could feel my pain
and make the heavens
weep with me

she is not a reflection of my emotions
she is her own sovereign being
and last night she tore herself apart

there is a fury
she has held in check
grief she has suppressed
pain she has denied

last night
all was unleashed
pent up energy released
her heart broken open
and spread before us

there is a madness in her rage
she rends her clothes
and tears her hair
she breaks her own body
and lays it at our feet
she has become a distorted, twisted thing

my beautiful country
you have torn yourself apart
what are you telling me?

we may be homeless
she is broken
we may be confused
she is broken
we may be distraught
she is broken

it may be her only way
to shake free from us

my beautiful country
you have torn yourself apart
what are you telling me?

she has called on her power
the wild pulse of life
to tear open her own skin
to bleed rivers enough
to flood the land
and lay bare the truth

she is not gentle
she is not kind
she is a wild thing
who tolerates us

she is more Lillith than Eve
she is Papatuanuku grieving still for Rangi
she is Persephone rising after slaughtering Hades
she is Mis raging in the wilderness

she is telling us
she owns her body
she owns her pain
and she can cast us off
in a heartbeat

©Claire Griffin 2016

And then came this… just when I was in the heady space of imagining the significance of a rare astronomical event… On 14 November a 7.8 earthquake hit.

I had to face my sentimental wishful thinking, my need to personify the earth as a beneficent mother. She is not a reflection of my emotions. She is her own sovereign being, and this morning she tore herself apart.

The previous poem was put on hold, and this seemed so much more appropriate.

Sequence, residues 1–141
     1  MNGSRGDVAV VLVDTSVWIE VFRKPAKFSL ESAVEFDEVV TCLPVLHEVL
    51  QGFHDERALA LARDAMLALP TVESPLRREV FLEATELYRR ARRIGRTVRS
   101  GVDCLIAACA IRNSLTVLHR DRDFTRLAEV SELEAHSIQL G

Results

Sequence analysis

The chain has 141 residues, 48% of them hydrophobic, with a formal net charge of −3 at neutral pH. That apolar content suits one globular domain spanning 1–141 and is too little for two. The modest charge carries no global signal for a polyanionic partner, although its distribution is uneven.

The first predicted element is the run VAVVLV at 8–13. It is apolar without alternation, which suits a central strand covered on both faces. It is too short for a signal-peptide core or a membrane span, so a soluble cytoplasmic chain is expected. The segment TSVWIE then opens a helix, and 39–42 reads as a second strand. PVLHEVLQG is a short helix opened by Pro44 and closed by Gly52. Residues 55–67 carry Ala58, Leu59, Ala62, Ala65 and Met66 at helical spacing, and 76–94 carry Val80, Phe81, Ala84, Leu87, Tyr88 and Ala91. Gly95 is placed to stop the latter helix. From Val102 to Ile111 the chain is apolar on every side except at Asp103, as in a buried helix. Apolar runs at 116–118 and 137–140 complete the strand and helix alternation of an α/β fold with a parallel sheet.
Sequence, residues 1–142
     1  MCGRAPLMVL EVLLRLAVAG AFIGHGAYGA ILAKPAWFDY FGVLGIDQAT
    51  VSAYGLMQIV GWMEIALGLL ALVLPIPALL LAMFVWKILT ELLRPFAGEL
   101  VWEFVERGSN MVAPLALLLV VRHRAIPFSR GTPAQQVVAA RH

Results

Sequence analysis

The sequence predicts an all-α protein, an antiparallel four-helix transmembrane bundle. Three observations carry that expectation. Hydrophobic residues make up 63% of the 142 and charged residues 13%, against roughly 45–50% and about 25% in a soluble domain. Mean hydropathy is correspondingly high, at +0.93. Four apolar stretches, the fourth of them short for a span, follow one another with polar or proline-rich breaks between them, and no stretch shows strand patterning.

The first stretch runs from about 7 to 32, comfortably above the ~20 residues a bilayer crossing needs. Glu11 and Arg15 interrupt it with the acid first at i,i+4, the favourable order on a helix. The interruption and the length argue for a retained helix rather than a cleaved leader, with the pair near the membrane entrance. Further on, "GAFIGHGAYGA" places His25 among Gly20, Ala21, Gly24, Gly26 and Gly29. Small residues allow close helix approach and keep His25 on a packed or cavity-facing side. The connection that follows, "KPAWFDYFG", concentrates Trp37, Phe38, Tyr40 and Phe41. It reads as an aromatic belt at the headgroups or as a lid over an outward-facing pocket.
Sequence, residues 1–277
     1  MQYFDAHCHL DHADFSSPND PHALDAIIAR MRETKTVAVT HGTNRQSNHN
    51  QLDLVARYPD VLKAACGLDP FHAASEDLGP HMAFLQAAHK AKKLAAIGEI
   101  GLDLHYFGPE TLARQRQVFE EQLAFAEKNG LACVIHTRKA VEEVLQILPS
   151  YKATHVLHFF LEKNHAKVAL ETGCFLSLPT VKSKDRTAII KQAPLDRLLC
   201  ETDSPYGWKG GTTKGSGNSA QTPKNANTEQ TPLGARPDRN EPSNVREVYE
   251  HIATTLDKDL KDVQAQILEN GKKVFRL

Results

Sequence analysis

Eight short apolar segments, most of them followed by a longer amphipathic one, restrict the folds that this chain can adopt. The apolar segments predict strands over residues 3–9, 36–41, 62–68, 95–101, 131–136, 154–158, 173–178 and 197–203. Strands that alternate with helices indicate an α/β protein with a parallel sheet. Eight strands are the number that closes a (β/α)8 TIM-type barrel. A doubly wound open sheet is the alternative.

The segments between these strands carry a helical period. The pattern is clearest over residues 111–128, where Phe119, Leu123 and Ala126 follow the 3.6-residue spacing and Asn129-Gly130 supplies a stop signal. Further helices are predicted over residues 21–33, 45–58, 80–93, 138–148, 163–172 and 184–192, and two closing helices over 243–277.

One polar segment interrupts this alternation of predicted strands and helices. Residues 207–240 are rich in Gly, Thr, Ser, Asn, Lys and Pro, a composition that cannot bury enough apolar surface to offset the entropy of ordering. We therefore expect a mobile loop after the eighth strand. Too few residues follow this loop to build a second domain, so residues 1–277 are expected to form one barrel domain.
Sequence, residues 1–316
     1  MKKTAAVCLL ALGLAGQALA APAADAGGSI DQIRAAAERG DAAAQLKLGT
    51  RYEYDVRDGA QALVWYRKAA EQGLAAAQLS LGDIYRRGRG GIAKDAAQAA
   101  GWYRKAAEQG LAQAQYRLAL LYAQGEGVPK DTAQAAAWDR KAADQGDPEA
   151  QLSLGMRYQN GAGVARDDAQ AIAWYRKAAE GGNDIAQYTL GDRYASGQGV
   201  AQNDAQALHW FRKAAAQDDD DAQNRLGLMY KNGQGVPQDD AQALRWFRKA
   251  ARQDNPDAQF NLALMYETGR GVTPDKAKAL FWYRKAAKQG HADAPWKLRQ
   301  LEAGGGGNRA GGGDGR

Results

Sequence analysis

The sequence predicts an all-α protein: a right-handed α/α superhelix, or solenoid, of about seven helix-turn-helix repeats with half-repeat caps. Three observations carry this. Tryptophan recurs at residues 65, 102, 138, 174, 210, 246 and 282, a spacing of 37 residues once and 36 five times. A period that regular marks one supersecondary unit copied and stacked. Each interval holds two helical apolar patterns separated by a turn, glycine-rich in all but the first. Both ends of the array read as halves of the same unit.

super moon

the eye of the universe draws nearer
she turns towards us
watching side on
like a great white whale
surfacing, curious, yet wary
she brings a gift to us
her own body, her luminous skin
she has come from the depths of space
to show what it looks like to be whole
she has come to bring light to our dark night
she has come to bring hope
she has come …

Monday is the night
of the perigree full moon
a supermoon

our pain, our cries of disappointment
and anger have been heard
and we have woken the spirits of our world

©Claire Griffin 2016

I was working on this almost three weeks ago, and was planning to post on Monday 14 November, the night of the supermoon.
However, Sunday night, early Monday morning, New Zealand was hit by a major earthquake, and my notions of a benevolent moon seemed naïve and sentimental. I’ve been a bit distracted ever since.
I never really finished this – but it fits with a few pieces that have emerged from the events of the last few weeks.

12 November – revised 1 December 2016


tears in the sky

it has rained for three days
rain and fog and mist for two
and yesterday – more rain in a day
than usual for the whole month

the land itself was grieving
for the ones who’ve left us
for voices silenced
for songs unsung

Te Ihorangi and Hinewai
are the gods of rain and mist
male and female together
holding us in their embrace

as mist lay heavy on the hills
cloaks woven of all the tears
we’ve shed these last few days
these last few months

crying with us
until we are ready
to stand and turn our faces
to the sun

©Claire Griffin 2016

In this land, rain is often interpreted as a sign of grief, as if the land itself is crying in recognition of the passing of a great leader. This is an extract from the lament, ‘E pā tō hau’, for Te Wano of the Ngāti Apakura tribe:

E ua e te ua e taheke
Koe i runga rā
Ko au ki raro nei riringi ai
Te ua i aku kamo.

Come then, O rain, pour down
Steadily from above
While I here below pour forth
A deluge from mine eyes.


Citation: Basil Keane, ‘Tāwhirimātea – the weather – Rain’,
Te Ara – the Encyclopedia of New Zealand,
(accessed 13 November 2016)
Full story by Basil Keane, published 12 Jun 2006